It is kind of strange. With the success of the XBLA, there really have not been many too many tower defense style of games, the last being a port of the somewhat simplistic Final Fantasy Crystal Defenders. Hidden Path Entertainment has really broken this mold and set the bar high with Defense Grid: The Awakening and its highly addicting and well balanced gameplay.
Like other games in the same genre, the goal is to stop an incoming horde of enemies from taking your “power cores” by strategically placing gun turrets to stop their progress. When an enemy is defeated, the player is rewarded resource points, which are spent like currency to build new defense towers/guns. The game requires a fair amount of thought because some weapons are more effective against certain types of enemies, bringing a high amount of balance to the gameplay. Should I upgrade this tower or build a whole new one? Would it better if I placed a cannon over here or in this spot over here? I could buy a gun turret now or should I save my resources to purchase a long range meteor cannon…? It is questions like these that will constantly weigh on the player’s mind. A poor choice of gun tower placement at the beginning of the stage can haunt the player’s chances by the end of the stage.
Enemies will spawn at Point A, travel to Point B to collect a power core, then travel back to Point A (or even a Point C) with the collected goods. Stopping them along the way is always a difficult process, but each stage can be viewed as a trial and error process. There will be times when the player will make some bad choices, especially during the more difficult final stages. But with each attempt, strategy is learned and honed, which prevents the game from reaching that “I am so frustrated I will never play this game again” finality. The last stage in particular, is very challenging, presenting the game with near perfect pacing. There are several highlighted points during each battle and the game will automatically save so if you made a bad decision on your cannon placement, a simple press of the Back button will instantly return you to the last checkpoint.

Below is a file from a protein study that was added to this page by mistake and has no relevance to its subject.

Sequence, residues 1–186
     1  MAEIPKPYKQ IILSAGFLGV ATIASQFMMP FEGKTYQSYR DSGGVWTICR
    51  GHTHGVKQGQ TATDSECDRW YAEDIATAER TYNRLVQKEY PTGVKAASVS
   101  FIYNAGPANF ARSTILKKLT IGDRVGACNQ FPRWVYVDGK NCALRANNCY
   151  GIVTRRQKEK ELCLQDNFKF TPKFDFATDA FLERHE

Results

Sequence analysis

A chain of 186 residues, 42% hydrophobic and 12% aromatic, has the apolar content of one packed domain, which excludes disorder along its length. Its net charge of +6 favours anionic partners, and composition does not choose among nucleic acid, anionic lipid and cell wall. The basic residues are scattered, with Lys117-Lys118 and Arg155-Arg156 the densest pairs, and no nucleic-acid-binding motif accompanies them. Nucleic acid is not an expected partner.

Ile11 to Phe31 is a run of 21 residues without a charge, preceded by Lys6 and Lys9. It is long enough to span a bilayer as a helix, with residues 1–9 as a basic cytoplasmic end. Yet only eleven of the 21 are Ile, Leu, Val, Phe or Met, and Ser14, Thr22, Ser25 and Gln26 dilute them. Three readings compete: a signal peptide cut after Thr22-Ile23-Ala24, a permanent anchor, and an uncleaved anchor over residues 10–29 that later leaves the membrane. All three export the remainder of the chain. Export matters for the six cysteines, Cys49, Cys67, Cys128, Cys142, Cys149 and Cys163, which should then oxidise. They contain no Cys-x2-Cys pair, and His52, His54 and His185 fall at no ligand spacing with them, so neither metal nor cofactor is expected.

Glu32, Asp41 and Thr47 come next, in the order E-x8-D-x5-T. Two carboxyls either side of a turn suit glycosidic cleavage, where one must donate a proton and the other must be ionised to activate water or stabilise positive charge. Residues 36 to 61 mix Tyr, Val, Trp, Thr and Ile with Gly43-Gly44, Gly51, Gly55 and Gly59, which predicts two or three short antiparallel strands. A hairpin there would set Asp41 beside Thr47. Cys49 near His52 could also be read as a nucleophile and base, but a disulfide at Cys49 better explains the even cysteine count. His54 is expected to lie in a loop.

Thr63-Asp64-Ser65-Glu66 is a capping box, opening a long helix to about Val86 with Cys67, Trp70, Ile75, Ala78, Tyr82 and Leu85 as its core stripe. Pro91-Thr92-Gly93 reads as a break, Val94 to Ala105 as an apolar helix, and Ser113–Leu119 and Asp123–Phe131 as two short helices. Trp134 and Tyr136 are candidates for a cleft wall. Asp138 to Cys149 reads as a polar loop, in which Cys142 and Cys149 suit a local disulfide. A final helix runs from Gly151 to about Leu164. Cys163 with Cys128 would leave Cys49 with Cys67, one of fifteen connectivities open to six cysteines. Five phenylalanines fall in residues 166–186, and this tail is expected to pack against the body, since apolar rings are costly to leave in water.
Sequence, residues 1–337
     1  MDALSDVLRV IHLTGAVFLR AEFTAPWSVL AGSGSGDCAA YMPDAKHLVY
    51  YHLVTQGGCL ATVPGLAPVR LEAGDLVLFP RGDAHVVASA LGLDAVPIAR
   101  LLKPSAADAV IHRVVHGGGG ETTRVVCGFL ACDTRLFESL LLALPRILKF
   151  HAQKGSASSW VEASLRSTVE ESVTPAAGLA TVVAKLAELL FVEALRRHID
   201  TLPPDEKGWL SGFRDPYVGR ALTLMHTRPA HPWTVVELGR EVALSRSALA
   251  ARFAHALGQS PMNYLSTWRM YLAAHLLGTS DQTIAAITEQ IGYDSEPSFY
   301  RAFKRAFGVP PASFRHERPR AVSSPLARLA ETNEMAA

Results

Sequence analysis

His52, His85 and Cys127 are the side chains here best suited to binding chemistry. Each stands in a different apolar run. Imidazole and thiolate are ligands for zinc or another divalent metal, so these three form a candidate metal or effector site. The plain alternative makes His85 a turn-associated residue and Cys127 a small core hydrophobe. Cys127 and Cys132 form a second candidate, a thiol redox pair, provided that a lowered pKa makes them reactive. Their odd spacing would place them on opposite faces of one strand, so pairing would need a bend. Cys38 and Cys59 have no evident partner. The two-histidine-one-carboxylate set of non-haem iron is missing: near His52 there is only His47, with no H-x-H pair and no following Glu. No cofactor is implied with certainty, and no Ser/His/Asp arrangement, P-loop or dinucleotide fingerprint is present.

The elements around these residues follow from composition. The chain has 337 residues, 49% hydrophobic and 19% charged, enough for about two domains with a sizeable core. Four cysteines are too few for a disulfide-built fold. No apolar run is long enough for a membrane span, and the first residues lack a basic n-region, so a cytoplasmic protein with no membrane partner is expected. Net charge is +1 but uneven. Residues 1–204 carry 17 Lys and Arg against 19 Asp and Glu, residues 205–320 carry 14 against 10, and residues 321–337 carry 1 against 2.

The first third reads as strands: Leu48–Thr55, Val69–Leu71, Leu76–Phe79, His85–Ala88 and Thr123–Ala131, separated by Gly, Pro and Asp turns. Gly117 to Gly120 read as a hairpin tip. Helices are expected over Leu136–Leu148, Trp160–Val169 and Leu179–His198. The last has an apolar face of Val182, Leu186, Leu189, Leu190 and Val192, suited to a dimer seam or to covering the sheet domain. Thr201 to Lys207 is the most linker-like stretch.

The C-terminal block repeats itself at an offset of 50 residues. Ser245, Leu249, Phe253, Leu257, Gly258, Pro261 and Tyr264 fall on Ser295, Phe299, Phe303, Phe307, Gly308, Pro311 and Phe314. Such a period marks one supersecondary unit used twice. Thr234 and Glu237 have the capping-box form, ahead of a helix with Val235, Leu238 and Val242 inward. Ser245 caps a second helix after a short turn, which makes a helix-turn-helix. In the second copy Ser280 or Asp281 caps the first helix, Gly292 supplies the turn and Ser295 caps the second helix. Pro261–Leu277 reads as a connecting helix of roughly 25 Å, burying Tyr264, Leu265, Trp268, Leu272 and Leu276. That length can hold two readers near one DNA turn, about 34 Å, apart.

Before the baddies start flooding the screen, a computer AI, spoken with a British accent that sounds almost Patrick Steward-ish, will explain some minor detail to unwrap a plotline. The story is definitely not the highlighting feature of the game, but provides just enough reason to keep the player playing until the end. The best reason to play this game is for the addicting qualities, but the story does throw in a little unique personality.
As if choosing which type of gun to place in which spot isn’t difficult in itself, the game also adds challenge even as enemies are defeated. If an enemy carries a power core close to the exit point and is defeated, that power core will slowly float back to it origin. Along the way, however, a different alien can pick up this power core and finish the job without traveling all the way to the edge of the screen and back again. This means that it is in the best interest of the player to kill all enemies as soon as possible, another important element that reflects the success of your mission.
The main quest is about 20 missions long which could take anywhere from 8-12 hours, if not longer, if you see “Game Over” a lot. But when each mission is completed, several new unique missions will become unlocked for this same map. For example, the player might have 10k resource spending limit, or can only build only Level 1 turrets, or enemies will start at the exit point and travel in reverse – these are just some of the new available missions. Each extra mission usually requires an entirely different strategy which constantly keeps the game fresh and entertaining. While there is no multiplayer component to the game, each mission has its own Leaderboard. Your high score can also be accessed through the main mission selection screen as opposed to venturing to the dedicated Leaderboard option from the main menu, making things a little more convenient.
Defense Grid is also a great looking game. Complete with the game’s cool futuristic menu screen, it is obvious that the developers took their time to create something with high presentation values. The only negative aspect of the game’s graphical quality is that the framerate can suffer slightly when there are too many enemies/explosions going on at once, and there is no option to rotate the camera. By default, the game is always laid out in a 3D isometric view point. Although it is definitely playable, there were times when I would have like to have rotated the camera to a straight forward camera angle. Yes, you can zoom the camera in and out with the flick of the second analog stick, but not having a rotate function holds back the high quality of game’s graphics.
For 800 Microsoft Points ($10), you definitely get quite the bang for your buck. I really have not been this addicted to an XBLA game like this in a long time. If you are a tower defense fan, you need to download the full version of this game. And if you are a not a fan of the genre, Defense Grid just might have enough in its bag of tricks to convert you.
Unique Use of: the Gamebryo Engine
Better Than: NinjaTown DS
Also Try: Final Fantasy Crystal Defenders